The Parthenon Sculptures: Decoding Images of Ancient Myths
Friday, November 7, 2014 - 4:30pm to 5:30pm
Joan Breton Connelly, Professor of Classics
New York University
In this lecture, Joan Breton Connelly, former Member (2010–11) in the School of Historical Studies, will discuss how the Parthenon sculptures conveyed genealogical myths that answered for the Athenians the most basic human questions. Connelly will explore how the cosmic and epic narratives, and the great boundary catastrophes of war and deluge, established frameworks for understanding the distant past. Connelly will also demonstrate how the projection of these myths upon the great “billboards” of the Acropolis temples perpetuated a shared understanding of Athenian identity and educated young Athenians in the values upon which their democracy was based, chief among them, a willingness to sacrifice self-interest for the common good.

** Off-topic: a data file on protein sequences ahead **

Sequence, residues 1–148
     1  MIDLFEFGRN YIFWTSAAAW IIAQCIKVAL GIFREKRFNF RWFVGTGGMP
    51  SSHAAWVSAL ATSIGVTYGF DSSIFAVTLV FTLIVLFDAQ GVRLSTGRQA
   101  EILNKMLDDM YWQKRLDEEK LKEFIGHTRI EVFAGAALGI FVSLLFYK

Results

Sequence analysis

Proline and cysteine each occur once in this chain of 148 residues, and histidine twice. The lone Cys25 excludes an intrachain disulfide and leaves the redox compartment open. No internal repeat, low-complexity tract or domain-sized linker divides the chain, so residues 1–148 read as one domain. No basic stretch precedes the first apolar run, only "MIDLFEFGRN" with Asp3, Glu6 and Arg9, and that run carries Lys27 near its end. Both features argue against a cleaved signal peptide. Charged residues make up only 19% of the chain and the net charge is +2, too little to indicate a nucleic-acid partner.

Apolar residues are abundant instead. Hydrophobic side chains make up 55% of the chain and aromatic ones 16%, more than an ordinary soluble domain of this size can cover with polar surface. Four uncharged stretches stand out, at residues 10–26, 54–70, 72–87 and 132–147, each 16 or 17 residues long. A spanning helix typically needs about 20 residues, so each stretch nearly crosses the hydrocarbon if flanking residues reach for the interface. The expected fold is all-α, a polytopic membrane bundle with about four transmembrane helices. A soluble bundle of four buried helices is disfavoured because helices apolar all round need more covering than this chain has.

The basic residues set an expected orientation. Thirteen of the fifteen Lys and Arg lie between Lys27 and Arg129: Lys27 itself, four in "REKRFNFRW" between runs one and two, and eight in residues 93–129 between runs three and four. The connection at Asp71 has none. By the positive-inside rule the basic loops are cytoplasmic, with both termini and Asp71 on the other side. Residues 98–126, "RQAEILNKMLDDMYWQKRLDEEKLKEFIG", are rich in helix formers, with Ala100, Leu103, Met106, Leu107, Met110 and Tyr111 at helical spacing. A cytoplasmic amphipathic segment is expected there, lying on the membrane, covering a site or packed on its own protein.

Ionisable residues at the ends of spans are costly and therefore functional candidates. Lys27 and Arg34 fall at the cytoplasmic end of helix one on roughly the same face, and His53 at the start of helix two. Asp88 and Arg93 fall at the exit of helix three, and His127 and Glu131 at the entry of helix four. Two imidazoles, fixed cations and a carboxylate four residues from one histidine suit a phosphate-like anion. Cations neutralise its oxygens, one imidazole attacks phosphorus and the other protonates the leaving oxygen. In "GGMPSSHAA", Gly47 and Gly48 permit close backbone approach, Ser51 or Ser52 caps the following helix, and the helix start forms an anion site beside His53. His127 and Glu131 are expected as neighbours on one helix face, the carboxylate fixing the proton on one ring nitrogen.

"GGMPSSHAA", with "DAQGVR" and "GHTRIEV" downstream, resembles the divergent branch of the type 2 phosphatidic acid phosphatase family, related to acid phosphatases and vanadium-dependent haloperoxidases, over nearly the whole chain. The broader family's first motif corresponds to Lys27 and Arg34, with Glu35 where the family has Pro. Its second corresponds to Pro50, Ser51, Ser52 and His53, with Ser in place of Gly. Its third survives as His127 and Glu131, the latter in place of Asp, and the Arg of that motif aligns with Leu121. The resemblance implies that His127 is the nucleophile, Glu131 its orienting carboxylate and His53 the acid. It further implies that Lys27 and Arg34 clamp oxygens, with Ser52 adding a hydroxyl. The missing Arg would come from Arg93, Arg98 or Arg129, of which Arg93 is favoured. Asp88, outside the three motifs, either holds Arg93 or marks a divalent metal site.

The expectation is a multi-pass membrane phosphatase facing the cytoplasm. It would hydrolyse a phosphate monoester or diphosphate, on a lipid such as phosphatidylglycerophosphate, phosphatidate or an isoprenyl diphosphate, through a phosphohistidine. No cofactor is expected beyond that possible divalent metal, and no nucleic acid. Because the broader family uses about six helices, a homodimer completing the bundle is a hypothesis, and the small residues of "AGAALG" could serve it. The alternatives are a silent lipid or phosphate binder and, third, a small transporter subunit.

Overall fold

Finding Signs of Life on Earth-Like Exoplanet
Friday, November 7, 2014 - 5:30pm to 6:30pm
Hanno Rein, Assistant Professor
University of Toronto
One of the biggest discoveries of humankind is yet to come: Finding compelling evidence for life on another planet.
In this lecture, Hanno Rein, former Member (2010–13) in the School of Natural Sciences, will discuss the many places to look for biosignatures, both in the Solar System and beyond. Additionally, Rein will explain why chances are good for finding an Earth-twin planet around a Sun-like star within the next few years, as well as the challenges faced when that planet is discovered.
These lectures are sponsored by the Association of Members of the Institute for Advanced Study (AMIAS).